|Author: ||C.C. Gunter|
|Keywords: ||vegetable, cropping systems, fertility, nutrition|
Yellow shoulder disorder of tomato is distinguished by discolored regions under the skin of ripe fruit.
This disorder involves abnormal fruit development and is not a delay in fruit ripening.
Multiple factors contribute to the potential development of this disorder including variety, weather, and location effects.
This disorder has been linked to low potassium levels during fruit development.
The study was designed to gain an understanding of the proper potassium rate and the timing of those rates on the development of the yellow shoulder disorder.
Potassium chloride was delivered at three rates and at three critical physiological timings during the flowering cycle.
Four processing tomato varieties were used for this study.
Fruit color quality was measured following harvest.
Soil potassium was also measured and compared across timing and rate treatment combination.
In variety 331, an early application at the low rate of potassium resulted in better hue values than other treatments for this variety.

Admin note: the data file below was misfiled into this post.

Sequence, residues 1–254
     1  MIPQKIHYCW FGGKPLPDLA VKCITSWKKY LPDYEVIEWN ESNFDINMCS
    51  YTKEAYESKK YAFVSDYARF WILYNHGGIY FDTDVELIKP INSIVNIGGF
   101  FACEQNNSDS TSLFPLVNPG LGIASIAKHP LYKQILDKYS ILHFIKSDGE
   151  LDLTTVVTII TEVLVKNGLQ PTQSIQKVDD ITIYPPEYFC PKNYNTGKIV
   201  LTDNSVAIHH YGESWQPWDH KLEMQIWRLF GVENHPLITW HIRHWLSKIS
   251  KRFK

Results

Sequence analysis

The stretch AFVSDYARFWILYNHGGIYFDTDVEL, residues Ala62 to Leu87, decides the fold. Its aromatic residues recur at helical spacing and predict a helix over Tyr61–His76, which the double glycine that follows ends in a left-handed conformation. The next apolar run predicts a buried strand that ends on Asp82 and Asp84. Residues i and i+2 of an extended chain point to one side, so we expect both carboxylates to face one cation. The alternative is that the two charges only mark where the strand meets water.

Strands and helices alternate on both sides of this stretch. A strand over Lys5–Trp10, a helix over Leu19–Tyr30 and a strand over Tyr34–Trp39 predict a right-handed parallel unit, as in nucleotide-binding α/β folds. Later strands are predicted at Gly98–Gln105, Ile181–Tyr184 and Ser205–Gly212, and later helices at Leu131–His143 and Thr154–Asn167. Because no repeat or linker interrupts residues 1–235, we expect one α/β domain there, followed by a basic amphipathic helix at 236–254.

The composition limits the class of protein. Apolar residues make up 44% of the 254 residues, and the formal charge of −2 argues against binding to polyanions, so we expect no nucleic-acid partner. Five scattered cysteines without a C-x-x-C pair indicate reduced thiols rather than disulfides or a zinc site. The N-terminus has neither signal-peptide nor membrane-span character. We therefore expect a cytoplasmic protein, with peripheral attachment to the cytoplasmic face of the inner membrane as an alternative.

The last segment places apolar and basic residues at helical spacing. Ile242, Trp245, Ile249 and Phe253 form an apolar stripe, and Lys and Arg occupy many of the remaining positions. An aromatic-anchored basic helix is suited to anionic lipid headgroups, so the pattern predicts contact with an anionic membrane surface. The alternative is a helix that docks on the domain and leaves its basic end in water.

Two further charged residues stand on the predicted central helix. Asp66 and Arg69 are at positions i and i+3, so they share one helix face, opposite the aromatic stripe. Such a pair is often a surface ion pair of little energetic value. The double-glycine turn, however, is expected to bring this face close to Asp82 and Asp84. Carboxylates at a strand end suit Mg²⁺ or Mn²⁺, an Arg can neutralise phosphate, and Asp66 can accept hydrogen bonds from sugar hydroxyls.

Also, higher rates of potassium applied late in the flower development cycle produce fruit with less color uniformity than early application.
In variety 611, treating plants with the low rate of potassium in the middle of flower development resulted in fruit with less internal white tissue compared to those receiving high rates of potassium.
This held true for varieties 9423 and 9704 also.
In the case of 9704, the highest rate of potassium applied late in the flowering cycle produced fruit with more internal white tissue than plants treated with the lowest rate of potassium applied early in flower development.
This study suggests that growers may currently be over-fertilizing with potassium and suggests a method to maximize potassium fertilizer application for fruit color quality.
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